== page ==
The majority of West Virginians got a break from high electricity rates in 2012, with a new report showing rates either declined or remained at their current levels for the first time in five years, the Charleston Gazette reports.
According to the news source, the report was issued by the state Public Service Commission’s Consumer Advocate Division. Director Byron Harris said the stable electricity rates for Appalachian Power customers helped anchor overall utility rates, while Monongahela Power’s rates went down after the PSC ordered a decrease in December.
However, Harris pointed out that the report may not be an accurate depiction of what 2013 will look like.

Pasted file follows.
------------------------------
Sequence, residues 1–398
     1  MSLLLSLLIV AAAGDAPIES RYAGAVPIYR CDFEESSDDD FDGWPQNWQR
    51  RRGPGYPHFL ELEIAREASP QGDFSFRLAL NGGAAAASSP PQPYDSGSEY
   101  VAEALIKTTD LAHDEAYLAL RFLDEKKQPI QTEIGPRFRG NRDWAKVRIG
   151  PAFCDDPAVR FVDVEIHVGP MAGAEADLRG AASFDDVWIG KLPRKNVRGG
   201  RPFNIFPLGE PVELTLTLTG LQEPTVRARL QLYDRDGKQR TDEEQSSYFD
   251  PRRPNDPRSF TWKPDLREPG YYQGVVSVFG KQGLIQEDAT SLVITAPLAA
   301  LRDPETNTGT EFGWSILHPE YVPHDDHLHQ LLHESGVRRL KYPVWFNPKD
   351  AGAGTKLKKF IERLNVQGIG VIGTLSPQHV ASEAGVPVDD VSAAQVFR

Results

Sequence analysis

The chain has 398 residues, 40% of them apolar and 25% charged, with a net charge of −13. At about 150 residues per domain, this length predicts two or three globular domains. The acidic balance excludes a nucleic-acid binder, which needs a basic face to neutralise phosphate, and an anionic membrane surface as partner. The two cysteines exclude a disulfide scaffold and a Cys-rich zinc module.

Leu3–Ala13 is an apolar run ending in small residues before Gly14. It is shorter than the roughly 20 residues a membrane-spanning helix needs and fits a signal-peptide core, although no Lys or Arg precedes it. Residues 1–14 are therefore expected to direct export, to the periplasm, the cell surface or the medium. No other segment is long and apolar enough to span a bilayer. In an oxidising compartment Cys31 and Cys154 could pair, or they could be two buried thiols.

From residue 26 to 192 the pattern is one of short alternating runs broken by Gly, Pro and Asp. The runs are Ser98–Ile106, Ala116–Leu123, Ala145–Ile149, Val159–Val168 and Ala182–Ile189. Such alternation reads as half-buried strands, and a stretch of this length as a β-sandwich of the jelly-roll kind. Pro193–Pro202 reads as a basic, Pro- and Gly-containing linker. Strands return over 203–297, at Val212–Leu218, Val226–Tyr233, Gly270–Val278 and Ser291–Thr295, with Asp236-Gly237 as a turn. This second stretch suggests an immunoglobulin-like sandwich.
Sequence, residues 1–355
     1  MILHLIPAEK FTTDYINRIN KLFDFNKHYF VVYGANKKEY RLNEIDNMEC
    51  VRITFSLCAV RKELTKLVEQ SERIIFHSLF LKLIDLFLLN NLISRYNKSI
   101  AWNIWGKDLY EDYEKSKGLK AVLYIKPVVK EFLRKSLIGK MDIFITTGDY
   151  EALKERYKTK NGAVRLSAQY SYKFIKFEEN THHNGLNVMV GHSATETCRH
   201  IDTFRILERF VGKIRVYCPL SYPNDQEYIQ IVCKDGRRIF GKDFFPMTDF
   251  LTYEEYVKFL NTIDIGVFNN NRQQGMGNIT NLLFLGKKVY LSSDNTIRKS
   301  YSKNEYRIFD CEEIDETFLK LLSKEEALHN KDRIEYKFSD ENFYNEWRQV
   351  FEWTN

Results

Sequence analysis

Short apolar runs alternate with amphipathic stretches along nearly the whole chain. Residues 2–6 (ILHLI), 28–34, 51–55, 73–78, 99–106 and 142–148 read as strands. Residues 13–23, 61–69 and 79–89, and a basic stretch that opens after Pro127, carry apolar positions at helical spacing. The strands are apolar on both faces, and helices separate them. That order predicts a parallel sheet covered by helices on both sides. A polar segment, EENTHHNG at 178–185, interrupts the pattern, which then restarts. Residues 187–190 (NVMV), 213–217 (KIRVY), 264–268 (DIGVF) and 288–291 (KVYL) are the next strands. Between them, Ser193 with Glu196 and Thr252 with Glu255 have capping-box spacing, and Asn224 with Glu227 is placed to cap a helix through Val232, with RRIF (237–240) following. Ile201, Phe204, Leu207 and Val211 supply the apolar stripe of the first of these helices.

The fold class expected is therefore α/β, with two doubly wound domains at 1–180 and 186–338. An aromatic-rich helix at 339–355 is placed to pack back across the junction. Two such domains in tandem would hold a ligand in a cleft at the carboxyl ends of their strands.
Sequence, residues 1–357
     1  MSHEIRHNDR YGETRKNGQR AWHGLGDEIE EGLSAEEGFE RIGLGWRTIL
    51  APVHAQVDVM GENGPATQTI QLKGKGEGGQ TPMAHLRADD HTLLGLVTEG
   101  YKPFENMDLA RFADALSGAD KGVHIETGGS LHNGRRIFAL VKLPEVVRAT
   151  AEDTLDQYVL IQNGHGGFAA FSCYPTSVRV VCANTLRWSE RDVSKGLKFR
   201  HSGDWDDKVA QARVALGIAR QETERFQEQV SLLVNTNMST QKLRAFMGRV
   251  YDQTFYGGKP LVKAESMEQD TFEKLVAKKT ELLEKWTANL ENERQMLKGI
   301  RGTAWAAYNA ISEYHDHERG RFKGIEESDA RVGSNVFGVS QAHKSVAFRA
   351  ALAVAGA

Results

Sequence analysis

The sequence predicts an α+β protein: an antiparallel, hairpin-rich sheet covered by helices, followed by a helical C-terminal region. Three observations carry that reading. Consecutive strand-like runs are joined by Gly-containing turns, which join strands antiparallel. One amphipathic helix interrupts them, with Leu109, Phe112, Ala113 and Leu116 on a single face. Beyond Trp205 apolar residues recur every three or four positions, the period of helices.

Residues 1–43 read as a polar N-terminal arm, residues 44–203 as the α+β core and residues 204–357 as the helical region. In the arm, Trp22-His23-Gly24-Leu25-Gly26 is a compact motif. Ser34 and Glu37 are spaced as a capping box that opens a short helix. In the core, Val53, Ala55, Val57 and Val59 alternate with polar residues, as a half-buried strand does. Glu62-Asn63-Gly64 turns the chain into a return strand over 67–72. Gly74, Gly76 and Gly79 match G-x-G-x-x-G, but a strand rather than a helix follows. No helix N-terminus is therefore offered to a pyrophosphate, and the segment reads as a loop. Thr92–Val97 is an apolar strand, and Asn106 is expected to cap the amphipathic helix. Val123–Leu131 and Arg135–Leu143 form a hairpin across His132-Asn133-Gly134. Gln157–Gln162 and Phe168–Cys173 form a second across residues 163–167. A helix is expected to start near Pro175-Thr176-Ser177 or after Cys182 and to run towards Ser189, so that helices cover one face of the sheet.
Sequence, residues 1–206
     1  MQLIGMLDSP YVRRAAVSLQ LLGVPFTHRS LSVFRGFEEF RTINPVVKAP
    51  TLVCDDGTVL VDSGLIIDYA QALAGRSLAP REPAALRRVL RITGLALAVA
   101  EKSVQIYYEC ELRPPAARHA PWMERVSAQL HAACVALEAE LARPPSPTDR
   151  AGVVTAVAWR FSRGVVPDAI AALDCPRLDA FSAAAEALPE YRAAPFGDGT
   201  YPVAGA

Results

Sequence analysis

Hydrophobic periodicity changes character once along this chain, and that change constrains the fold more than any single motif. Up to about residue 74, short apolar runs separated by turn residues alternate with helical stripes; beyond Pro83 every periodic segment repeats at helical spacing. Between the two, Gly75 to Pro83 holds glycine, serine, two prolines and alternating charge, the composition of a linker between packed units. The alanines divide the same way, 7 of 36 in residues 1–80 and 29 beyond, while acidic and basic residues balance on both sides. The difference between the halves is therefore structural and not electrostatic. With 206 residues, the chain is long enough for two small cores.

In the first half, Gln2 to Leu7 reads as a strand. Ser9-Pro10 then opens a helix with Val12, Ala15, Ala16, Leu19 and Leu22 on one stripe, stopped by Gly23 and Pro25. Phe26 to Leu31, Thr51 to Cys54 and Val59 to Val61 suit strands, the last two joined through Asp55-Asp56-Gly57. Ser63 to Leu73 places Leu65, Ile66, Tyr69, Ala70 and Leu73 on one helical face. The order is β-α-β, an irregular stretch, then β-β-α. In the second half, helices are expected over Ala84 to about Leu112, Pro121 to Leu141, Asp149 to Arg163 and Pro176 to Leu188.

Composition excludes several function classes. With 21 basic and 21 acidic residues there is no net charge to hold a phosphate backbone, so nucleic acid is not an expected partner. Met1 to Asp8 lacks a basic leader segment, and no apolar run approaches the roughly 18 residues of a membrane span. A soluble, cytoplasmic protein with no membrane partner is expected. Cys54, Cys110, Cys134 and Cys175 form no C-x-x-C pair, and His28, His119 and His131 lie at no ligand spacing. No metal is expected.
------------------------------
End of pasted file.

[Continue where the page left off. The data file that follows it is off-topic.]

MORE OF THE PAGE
“For both Appalachian Power and Wheeling Power, AEP’s companies, and Monongahela Power and the Potomac Edison Company, they have petitions before the Public Service Commission to acquire over $1 billion of electric-generating facilities,” Harris said. “Those impacts don’t show up in the rate survey and they are going to have significant impact on West Virginians.”
Although West Virginia has implemented an energy deregulation law for its natural gas industry, customers are still not able to switch electricity providers in the state, which could help further bring down rates.